A Sure Start for the therapeutic state

  The UK government really cares about children. So much so that it has spent more than £3billion over four years to make parents in deprived areas give their children ‘warmer parenting’, relying less on smacking and criticism and more on talking and affection (1). Whatever else you say about the politics of behaviour, it […]

Examination, examination, examination

‘The time for reform has come’, said Mike Tomlinson, leader of the government-commissioned working party on the future of England’s schools examinations system, as he produced his interim report on 14-19 education. What, again? Over the past few years England’s exams have undergone more reform than the pupils sitting them have had hot dinners. Each […]

Playing with truants

To boost our seasonal spirits, the UK government is entering the New Year with a new phase of its war on truancy. Not content with locking up parents whose children persistently play hooky from school, it has now teamed up with travel agents to issue £100 fines to parents who take their children out of […]

Harry Potter and the Meaning of Life

Once upon a time, it was record shops that staged high-profile midnight openings to sell the latest hot release to queues of impatient fans; it was senior politicians who found themselves grilled on national TV by the BBC’s flagship interviewer Jeremy Paxman; and it was intellectuals and literary novelists who shaped great debates about moral […]

Reader, I disparaged him

What are women like? One minute they are voting for the predictable romantic hero Mr Darcy as their dream date, in a publicity poll for the women-only award, the Orange Prize for Fiction. The next, they are producing books about practical marriage management, arguing that the secret of a professional woman’s successful marriage is to […]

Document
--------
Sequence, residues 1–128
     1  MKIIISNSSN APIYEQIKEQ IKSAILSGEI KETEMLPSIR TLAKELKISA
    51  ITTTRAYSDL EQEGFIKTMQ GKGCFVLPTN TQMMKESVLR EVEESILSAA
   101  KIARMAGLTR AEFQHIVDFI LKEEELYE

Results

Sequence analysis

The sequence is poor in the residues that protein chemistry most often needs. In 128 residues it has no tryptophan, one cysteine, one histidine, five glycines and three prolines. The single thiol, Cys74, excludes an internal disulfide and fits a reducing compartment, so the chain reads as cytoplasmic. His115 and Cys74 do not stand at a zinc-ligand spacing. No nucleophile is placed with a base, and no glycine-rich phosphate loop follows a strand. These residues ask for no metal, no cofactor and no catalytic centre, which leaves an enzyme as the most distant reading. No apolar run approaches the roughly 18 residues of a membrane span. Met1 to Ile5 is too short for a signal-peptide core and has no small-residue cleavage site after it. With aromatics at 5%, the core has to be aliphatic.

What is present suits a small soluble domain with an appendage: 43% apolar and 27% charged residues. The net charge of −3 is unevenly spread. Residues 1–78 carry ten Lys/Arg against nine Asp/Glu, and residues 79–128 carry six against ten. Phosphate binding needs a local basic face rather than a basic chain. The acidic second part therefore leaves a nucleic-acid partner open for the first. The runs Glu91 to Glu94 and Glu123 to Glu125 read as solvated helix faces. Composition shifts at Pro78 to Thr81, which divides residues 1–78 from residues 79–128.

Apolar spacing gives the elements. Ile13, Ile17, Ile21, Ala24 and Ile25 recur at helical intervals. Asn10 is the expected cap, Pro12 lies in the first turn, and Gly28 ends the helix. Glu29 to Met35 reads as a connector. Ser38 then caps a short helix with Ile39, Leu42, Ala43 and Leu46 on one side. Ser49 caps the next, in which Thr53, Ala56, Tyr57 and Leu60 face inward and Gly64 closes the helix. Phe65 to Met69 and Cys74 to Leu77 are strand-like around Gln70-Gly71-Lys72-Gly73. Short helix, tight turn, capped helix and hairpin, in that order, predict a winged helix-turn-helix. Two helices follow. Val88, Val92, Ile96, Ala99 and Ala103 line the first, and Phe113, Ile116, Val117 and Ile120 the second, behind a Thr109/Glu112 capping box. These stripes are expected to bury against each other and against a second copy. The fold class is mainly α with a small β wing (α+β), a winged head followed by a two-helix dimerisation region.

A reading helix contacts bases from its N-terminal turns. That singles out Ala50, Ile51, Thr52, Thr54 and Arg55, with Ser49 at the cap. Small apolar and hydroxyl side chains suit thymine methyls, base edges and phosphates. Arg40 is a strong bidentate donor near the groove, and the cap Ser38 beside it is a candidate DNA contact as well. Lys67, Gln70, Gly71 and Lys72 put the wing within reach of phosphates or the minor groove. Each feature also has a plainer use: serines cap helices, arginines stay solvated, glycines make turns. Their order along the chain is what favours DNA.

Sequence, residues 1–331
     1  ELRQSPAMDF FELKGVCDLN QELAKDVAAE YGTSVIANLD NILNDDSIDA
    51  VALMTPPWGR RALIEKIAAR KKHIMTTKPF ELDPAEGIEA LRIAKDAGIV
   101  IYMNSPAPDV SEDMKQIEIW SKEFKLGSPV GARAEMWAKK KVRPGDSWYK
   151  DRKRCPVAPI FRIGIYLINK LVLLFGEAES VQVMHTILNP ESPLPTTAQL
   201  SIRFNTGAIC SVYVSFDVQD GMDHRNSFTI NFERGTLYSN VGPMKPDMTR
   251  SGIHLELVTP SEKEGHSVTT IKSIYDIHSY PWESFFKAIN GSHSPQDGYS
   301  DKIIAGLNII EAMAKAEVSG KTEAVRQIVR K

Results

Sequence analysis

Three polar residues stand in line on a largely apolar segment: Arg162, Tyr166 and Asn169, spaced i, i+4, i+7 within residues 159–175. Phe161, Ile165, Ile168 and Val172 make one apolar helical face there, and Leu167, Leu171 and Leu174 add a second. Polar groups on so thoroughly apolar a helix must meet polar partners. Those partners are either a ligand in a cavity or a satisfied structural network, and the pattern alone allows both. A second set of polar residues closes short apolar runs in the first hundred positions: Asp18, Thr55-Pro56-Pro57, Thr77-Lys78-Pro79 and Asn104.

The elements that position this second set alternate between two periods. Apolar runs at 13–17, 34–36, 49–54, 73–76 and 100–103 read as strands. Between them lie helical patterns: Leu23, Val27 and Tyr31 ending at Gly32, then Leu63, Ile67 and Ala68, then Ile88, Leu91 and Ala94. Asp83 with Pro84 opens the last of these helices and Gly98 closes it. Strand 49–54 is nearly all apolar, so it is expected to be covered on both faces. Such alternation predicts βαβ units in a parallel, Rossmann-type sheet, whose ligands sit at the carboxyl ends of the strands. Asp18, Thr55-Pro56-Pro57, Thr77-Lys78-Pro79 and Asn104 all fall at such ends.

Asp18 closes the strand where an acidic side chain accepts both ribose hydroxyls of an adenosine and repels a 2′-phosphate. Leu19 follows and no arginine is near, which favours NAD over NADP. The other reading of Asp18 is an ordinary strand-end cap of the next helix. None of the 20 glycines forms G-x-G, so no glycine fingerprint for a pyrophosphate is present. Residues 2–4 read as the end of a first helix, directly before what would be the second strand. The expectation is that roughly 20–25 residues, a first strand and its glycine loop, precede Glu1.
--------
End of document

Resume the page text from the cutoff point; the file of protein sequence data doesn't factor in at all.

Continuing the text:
An anti-independence culture

Okay, I love my mum’s Sunday dinners. But that never seemed like a reason not to learn to cook my own. The nice thing about adulthood is that you no longer have to wait for your parents to dole out treats. Or maybe I’m just weird. Two headline-grabbing surveys reported on 21 March 2002 painted […]

Post-radical depression

We all know about ‘Chick Lit’ – the phenomenon of young female writers getting big advances for novels based on the singleton lives of themselves and their friends. What’s next, it seems, is ‘Guilt-trip Lit’, where the menopausal mothers of the women’s fiction world turn their attention to the fucked-up lives of their grown-up children’s […]

Good v Evil need not apply

  For the second week running, I found myself watching BBC1’s Sunday War Report. Chaired by John Humphrys, veteran of Radio 4’s Today programme, this seems like the BBC’s latest attempt at information-populism, combining breaking news with interviews with feature reports with Peter Snow (famous for his election-time swingometers) gabbling breathlessly through an electronic presentation of what troops/planes/bombs […]

Apologetic imperialism

If you want to understand the world as it really is not, it’s often a good idea to read some of the columnists in the UK press. This week, the Award for the Most Unreal Analysis goes to the Guardian’s Madeleine Bunting. Bunting used her slot on Monday 8 October to launch a bitter attack on […]

Growing up scared

As aeroplanes were crashing into New York’s World Trade Centre, I was halfway through an online quiz to find out if I am suffering from a ‘quarterlife crisis’. Sometimes, the news really puts things in perspective. The quarterlife crisis, apparently, is the twentysomething’s version of a midlife crisis. It refers to the condition of graduating […]

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